Low a girl” puts young females in a

Low self-esteem is a thinking disorder in which an
individual views oneself as inadequate, unlovable, and/or incompetent. Once this
negative view is shaped, it produces flawed assumptions and ongoing
self-defeating behavior. Empowering girls during this time of their lives when
confidence is at its lowest would give a powerful, relevant and purposeful opportunity
that Always wanted to provide teen girls with. Thus the “like a girl” campaign
was born in hopes to obliterate the stereotypes, marginalization, and social
exclusion of females. Using formulaic language “like a girl” puts young females
in a position of questioning their own strength and power within society. This
language portrays girls as inferior to males. The stereotypes are so widespread
and powerful that girls begin to believe what society depicts them as; weak and
mediocre in comparison. The goal in mind of Always’  “like a girl” campaign is to provide support
to young girls as they make the transition from puberty to young women or adolescents,
meanwhile understanding the social issues girls face today during puberty: a
time of growth and development in various ways.

 

            The
implication: To do something “like a girl” is to do it badly, but
that negative connotation is something that is only learned over time.
Therefore, it is something we can change. In the beginning of the video mature
women and men are asked what it means to run like a girl, their re-enactments
included flailing/kicking their
legs up, slow and lazy movements. When asked to fight like a girl, they were
weak, scared, and avoidant. Lastly, when asked to throw like a girl, they were
powerless. Thus proving that doing something “like a girl” is a negative thing
and refers to doing things unsuccessfully. However, when the crew from Always
asked girls ten and under the same questions, their actions were energetic,
aggressive, direct, and forceful. One girl even mentions that running “like a
girl” means running “as fast as you can” (1:01-1:03). The difference in perspective
between the two sets of participants shows that stereotypes against girls are
introduced to them during puberty as they grow older. Specifically when they
are least confident in themselves and vulnerable to societies notions. 7 in 10
girls aged 12-17 believe that they are not good enough or do not measure up in
some way (Neuman 1), this belief comes from external influences within a
teenager’s social environment.

 

            The biggest problem with
stereotypes against girls is that most of society does not realize the negative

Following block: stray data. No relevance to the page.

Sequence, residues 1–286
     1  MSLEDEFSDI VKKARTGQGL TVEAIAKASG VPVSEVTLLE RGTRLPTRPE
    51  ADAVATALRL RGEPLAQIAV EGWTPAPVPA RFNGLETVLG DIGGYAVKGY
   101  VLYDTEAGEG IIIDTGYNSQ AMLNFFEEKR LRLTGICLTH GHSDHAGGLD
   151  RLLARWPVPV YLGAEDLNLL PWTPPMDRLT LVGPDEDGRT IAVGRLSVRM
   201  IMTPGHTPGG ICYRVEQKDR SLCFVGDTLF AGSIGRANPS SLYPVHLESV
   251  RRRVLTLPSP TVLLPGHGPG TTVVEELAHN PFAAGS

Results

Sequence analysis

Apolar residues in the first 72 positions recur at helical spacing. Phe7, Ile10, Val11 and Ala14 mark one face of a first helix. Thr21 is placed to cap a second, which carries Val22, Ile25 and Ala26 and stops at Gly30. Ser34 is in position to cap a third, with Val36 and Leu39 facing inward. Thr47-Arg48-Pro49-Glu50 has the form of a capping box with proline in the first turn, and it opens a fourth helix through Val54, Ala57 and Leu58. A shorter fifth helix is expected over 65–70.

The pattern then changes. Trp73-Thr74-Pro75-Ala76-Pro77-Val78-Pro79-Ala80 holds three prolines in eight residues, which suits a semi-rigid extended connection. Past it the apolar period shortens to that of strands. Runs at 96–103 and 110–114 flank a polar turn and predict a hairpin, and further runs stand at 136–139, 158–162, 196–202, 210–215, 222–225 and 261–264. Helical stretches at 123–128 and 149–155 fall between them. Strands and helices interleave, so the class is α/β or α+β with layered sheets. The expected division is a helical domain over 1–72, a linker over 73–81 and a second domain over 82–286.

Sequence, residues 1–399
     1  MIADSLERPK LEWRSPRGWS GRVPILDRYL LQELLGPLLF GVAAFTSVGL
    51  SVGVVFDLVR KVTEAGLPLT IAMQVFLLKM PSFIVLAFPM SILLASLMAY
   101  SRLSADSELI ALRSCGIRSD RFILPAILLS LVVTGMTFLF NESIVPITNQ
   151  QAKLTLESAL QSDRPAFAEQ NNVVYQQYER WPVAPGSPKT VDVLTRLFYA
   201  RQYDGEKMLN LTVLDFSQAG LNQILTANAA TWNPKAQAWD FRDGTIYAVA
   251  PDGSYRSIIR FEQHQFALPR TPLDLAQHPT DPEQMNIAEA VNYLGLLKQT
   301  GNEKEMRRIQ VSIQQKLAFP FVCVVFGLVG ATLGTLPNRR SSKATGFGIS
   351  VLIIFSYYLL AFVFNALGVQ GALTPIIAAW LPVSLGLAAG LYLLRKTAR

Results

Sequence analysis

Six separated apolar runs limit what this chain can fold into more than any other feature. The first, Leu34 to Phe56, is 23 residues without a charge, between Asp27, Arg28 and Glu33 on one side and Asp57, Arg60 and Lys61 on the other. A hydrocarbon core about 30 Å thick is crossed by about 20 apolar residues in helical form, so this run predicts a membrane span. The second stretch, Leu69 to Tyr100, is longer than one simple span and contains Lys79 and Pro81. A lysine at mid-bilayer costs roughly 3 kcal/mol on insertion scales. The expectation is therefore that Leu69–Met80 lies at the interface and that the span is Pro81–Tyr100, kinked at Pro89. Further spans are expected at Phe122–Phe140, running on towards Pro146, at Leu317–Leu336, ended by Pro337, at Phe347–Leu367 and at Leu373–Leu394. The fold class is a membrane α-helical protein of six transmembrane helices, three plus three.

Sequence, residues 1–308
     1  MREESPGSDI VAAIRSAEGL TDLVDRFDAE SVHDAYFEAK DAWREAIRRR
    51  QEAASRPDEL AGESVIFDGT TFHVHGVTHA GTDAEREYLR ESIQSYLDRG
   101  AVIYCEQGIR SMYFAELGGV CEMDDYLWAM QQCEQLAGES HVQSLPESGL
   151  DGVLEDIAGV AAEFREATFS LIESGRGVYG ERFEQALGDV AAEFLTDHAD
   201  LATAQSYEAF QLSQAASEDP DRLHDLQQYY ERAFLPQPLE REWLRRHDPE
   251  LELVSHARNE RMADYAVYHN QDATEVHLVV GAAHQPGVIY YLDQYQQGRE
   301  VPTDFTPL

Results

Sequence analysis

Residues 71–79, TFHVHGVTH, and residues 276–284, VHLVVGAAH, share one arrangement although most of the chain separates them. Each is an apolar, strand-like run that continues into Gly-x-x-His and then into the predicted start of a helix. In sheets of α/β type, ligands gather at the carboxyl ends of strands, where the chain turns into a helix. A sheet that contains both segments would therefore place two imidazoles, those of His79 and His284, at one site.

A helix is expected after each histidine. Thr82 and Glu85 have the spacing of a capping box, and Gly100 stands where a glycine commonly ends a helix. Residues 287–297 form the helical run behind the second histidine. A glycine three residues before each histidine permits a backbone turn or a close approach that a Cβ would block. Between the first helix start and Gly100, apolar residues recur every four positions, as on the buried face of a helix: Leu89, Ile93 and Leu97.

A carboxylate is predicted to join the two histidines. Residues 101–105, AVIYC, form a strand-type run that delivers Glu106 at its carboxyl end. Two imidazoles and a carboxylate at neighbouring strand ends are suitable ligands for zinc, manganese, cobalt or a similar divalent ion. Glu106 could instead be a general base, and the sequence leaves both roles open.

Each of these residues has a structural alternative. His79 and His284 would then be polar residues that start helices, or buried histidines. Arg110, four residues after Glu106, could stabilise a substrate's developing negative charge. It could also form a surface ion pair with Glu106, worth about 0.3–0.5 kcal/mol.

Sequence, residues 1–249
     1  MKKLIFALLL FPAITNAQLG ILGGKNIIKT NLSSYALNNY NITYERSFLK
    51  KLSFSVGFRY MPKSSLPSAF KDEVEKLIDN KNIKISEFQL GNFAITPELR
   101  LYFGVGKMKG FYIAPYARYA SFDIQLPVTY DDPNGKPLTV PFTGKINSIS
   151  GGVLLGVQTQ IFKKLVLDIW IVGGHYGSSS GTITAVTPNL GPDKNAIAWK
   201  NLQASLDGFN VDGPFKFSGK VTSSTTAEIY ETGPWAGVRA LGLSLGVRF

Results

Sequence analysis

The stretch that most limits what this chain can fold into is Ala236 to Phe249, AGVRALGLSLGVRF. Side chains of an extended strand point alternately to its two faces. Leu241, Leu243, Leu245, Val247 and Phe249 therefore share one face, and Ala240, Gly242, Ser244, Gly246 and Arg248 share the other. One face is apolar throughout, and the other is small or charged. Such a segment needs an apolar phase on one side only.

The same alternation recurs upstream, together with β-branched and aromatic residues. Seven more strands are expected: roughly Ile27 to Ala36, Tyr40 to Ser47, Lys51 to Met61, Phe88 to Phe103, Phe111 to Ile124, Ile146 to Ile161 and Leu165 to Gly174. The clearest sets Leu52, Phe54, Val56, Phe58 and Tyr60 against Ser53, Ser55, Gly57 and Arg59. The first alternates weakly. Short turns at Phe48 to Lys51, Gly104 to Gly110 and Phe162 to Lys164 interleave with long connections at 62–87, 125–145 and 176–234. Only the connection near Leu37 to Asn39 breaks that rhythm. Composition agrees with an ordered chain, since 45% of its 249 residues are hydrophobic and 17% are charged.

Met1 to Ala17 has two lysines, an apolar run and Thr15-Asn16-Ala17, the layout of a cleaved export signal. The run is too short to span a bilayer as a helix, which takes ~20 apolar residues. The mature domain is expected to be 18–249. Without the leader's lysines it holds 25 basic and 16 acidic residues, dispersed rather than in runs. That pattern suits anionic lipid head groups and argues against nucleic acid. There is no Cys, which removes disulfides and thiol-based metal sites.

impact they are making. In the advertisement, there is a young boy who ridiculed
how girls run, fight, and throw but when asked if he felt as though he was insulting
his own sister he said: “No! I mean, yeah – I insulted girls but not my sister”
(1:09-1:14). After him another girl was asked if “like a girl” was a good or
bad thing and she was unsure of how to respond. She thought for a moment before
mentioning that she was uncertain of the connotation of the saying but “it
sounds like you’re trying to humiliate someone” (1:22-1:24). From both sides of
the spectrum it is unclear that you are damaging a girl’s self-esteem however
it is evident that using derogatory terms such as “like a girl” is creating a
negative reputation for young women within society. Language of the sort
insinuates that women are a minority and are not capable of doing what men can
do, further excluding them socially. The lack of knowledge that girls are being
marginalized makes it easier for such trends to continue over time.

 

            The text does a wonderful
job of trying to “rewrite the rules” as mentioned in the advertisement, in
efforts to open society’s eyes to positive stereotypes towards females. Instead
of labelling girls as menial, the Always crew wants to label them as strong,
powerful, and competent beings. The advertisement questions when the term “like
a girl” became an insult instead of a compliment. As the commercial wraps up
they go back to the initial group of mature participants and ask them if their
actions would change now that they have seen the younger girls perspective on
doing things like a girl. One of the women says she’d run like herself because
she is a girl. An Always staff member suggests: “making ‘like a girl’ mean
amazing things…why can’t running like a girl also mean winning the race?”
(2:52-3:01). The final participant says girls should keep doing what they are doing,
the way they are doing it because it is working. She says as long as the
outcomes are prosperous it is not a bad thing to do things “like a girl” nor is
it something to be ashamed of.

 

While the stereotyping and marginalization of girls is
not new, a younger age group of females is being affected through their years
of puberty. With the help of Always and their “like a girl” campaign they have
aided in reinforcing the self-esteem of youths. They are taking the negative
stereotypes which shape women’s reputation in society and transforming them
into positive motivation for girls to continue to be themselves. The campaign
aims to put a stop to the self-defeating behavior produced by the
marginalization and in turn empowering them through such difficult times in
their lives. Although low self-esteem is a serious thinking disorder, it can be
managed and the first step is creating and holding auspicious beliefs towards
the social group of women.